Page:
Film Vs. Digital for Amateur Photographers

Film Vs. Digital for Amateur Photographers

Film has come into fashion over the last few years, bringing the film vs. digital debate back into the spotlight. In reality, there is no good reason why this argument should still exist – both film and digital have their place, especially if you are an amateur photographer. 

Do professional photographers use film or digital? 

If you ask most professional photographers they will probably tell you that they shoot both, but stick to digital when they are ‘working’ because of its obvious advantages such as being able to click away at no extra cost, see the image without having to wait for it to be developed, and the speed of turning the images around ready for the client (in a format they are happy with). 

I’m a hobbyist photographer and I use a Nikon D300 most of the time, but I also really enjoy shooting with film and like the idea of getting my photos ‘straight from the camera’. There is a charm to not knowing what you’re going to end up with until the film is developed. In fact, I know a lot of photographers who would argue that, if you’re taking photographs just for fun, the discipline of having to think before you shoot helps to make you a better photographer. 
Just go with whatever gives you better results. 

There are so many variables it’s impossible to say whether one looks better than the other. Results can vary so much depending on the quality of your camera and lens, the film you are using, the stock you’re printing on, and the guys back at the photo lab.


Film can have a particular ‘look’ and is know for its wonderful texture, pastel colours, and soft grain. It’s also great for capturing details, highlights and shadows across a wide range of stops so it’s pretty safe to shoot with even though you can’t immediately see the results. And let’s not forget that half the beauty of film is that you can’t see immediate results.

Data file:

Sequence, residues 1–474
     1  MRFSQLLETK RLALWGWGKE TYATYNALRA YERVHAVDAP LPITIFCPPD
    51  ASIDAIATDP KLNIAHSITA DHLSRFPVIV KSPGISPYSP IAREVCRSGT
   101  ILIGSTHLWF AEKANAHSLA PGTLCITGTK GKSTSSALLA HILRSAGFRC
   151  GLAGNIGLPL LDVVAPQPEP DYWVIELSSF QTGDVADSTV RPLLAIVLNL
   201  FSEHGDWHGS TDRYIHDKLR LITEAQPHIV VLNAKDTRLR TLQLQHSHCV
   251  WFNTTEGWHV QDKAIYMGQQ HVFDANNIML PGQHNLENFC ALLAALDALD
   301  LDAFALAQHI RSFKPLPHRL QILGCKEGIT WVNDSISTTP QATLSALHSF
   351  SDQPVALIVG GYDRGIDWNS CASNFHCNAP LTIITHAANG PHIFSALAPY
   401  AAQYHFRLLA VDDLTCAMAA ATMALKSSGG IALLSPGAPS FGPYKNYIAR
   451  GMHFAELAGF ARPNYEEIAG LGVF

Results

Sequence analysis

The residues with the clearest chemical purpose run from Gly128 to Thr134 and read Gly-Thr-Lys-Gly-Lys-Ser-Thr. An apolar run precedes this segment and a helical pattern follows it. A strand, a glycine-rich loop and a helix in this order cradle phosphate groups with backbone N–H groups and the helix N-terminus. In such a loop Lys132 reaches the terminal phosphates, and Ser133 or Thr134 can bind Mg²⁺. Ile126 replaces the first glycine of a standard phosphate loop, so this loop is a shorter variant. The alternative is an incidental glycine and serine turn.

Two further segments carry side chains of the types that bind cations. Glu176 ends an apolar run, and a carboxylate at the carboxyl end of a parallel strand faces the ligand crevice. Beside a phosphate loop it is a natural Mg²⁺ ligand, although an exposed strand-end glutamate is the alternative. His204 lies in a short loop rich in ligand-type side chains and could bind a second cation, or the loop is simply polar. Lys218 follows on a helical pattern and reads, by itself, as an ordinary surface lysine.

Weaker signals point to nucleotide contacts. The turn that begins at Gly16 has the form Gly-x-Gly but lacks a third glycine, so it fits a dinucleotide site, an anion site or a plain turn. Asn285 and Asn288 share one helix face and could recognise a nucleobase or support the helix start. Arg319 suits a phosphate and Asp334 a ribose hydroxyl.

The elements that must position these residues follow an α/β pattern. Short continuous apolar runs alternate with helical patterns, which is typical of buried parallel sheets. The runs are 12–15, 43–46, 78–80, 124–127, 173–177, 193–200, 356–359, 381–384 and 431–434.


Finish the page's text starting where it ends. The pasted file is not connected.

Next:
The dynamic range is probably the biggest drawback for digital, at least with the cheaper models. If you are serious about getting into photography and want to shoot digital then I would recommend investing in a decent camera, as more expensive models have better sensors and allow you to shoot in RAW format so you don’t lose information in the image. 


Maybe we’re missing the point!

The one thing that all photographers agree on is that cameras are very, very seductive. I mean, how many do you own? If you don’t own more than one then I can almost guarantee that your collection will grow at roughly the same rate as your interest in photography. 


There is an undeniable beauty to old film cameras. Some of the most famous photographs EVER were taken on film, and there are some great looking Leicas and historic Ebonys for sale. There is also the appeal of owning something historic – looking beyond practicality and quality and just enjoying the experience of owning and using an old film camera. 


I started My Photo Scanning because I believe that people should be able to shoot in film and enjoy old film cameras but still keep some of the practicality of digital. Our service allows photographers to shoot in film and then send their negatives for us to scan. We upload these digital images to an online account where you can delete up to 20% before paying for the ones 

you want to keep.